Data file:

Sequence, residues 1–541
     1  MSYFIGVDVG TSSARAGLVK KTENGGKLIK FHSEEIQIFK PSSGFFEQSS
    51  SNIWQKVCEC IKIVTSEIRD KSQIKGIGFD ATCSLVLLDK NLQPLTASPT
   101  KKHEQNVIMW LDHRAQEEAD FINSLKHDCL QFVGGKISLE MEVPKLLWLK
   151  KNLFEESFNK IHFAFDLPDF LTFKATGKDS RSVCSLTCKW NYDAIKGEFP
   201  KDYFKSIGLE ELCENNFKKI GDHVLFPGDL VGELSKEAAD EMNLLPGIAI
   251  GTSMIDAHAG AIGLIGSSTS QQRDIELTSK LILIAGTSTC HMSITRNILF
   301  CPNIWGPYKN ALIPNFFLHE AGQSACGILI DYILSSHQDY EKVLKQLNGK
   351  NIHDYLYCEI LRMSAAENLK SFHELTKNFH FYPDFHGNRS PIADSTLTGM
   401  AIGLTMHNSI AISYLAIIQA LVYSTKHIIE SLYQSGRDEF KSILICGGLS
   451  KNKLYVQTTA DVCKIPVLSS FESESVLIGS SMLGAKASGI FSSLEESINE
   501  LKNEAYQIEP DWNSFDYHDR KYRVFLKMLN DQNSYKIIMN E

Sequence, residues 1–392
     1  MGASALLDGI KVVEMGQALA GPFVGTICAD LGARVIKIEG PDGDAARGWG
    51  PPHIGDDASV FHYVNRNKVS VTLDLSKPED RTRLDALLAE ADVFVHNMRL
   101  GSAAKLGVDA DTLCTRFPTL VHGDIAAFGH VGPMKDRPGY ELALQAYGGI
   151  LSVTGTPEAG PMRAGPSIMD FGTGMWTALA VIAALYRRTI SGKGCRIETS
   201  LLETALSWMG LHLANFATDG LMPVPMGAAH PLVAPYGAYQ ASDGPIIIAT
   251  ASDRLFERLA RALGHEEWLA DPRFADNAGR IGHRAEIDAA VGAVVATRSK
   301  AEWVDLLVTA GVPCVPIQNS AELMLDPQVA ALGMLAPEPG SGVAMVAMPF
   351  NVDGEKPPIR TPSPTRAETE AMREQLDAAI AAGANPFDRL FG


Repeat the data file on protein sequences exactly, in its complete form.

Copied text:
Sequence, residues 1–541
     1  MSYFIGVDVG TSSARAGLVK KTENGGKLIK FHSEEIQIFK PSSGFFEQSS
    51  SNIWQKVCEC IKIVTSEIRD KSQIKGIGFD ATCSLVLLDK NLQPLTASPT
   101  KKHEQNVIMW LDHRAQEEAD FINSLKHDCL QFVGGKISLE MEVPKLLWLK
   151  KNLFEESFNK IHFAFDLPDF LTFKATGKDS RSVCSLTCKW NYDAIKGEFP
   201  KDYFKSIGLE ELCENNFKKI GDHVLFPGDL VGELSKEAAD EMNLLPGIAI
   251  GTSMIDAHAG AIGLIGSSTS QQRDIELTSK LILIAGTSTC HMSITRNILF
   301  CPNIWGPYKN ALIPNFFLHE AGQSACGILI DYILSSHQDY EKVLKQLNGK
   351  NIHDYLYCEI LRMSAAENLK SFHELTKNFH FYPDFHGNRS PIADSTLTGM
   401  AIGLTMHNSI AISYLAIIQA LVYSTKHIIE SLYQSGRDEF KSILICGGLS
   451  KNKLYVQTTA DVCKIPVLSS FESESVLIGS SMLGAKASGI FSSLEESINE
   501  LKNEAYQIEP DWNSFDYHDR KYRVFLKMLN DQNSYKIIMN E

Sequence, residues 1–392
     1  MGASALLDGI KVVEMGQALA GPFVGTICAD LGARVIKIEG PDGDAARGWG
    51  PPHIGDDASV FHYVNRNKVS VTLDLSKPED RTRLDALLAE ADVFVHNMRL
   101  GSAAKLGVDA DTLCTRFPTL VHGDIAAFGH VGPMKDRPGY ELALQAYGGI
   151  LSVTGTPEAG PMRAGPSIMD FGTGMWTALA VIAALYRRTI SGKGCRIETS
   201  LLETALSWMG LHLANFATDG LMPVPMGAAH PLVAPYGAYQ ASDGPIIIAT
   251  ASDRLFERLA RALGHEEWLA DPRFADNAGR IGHRAEIDAA VGAVVATRSK
   301  AEWVDLLVTA GVPCVPIQNS AELMLDPQVA ALGMLAPEPG SGVAMVAMPF
   351  NVDGEKPPIR TPSPTRAETE AMREQLDAAI AAGANPFDRL FG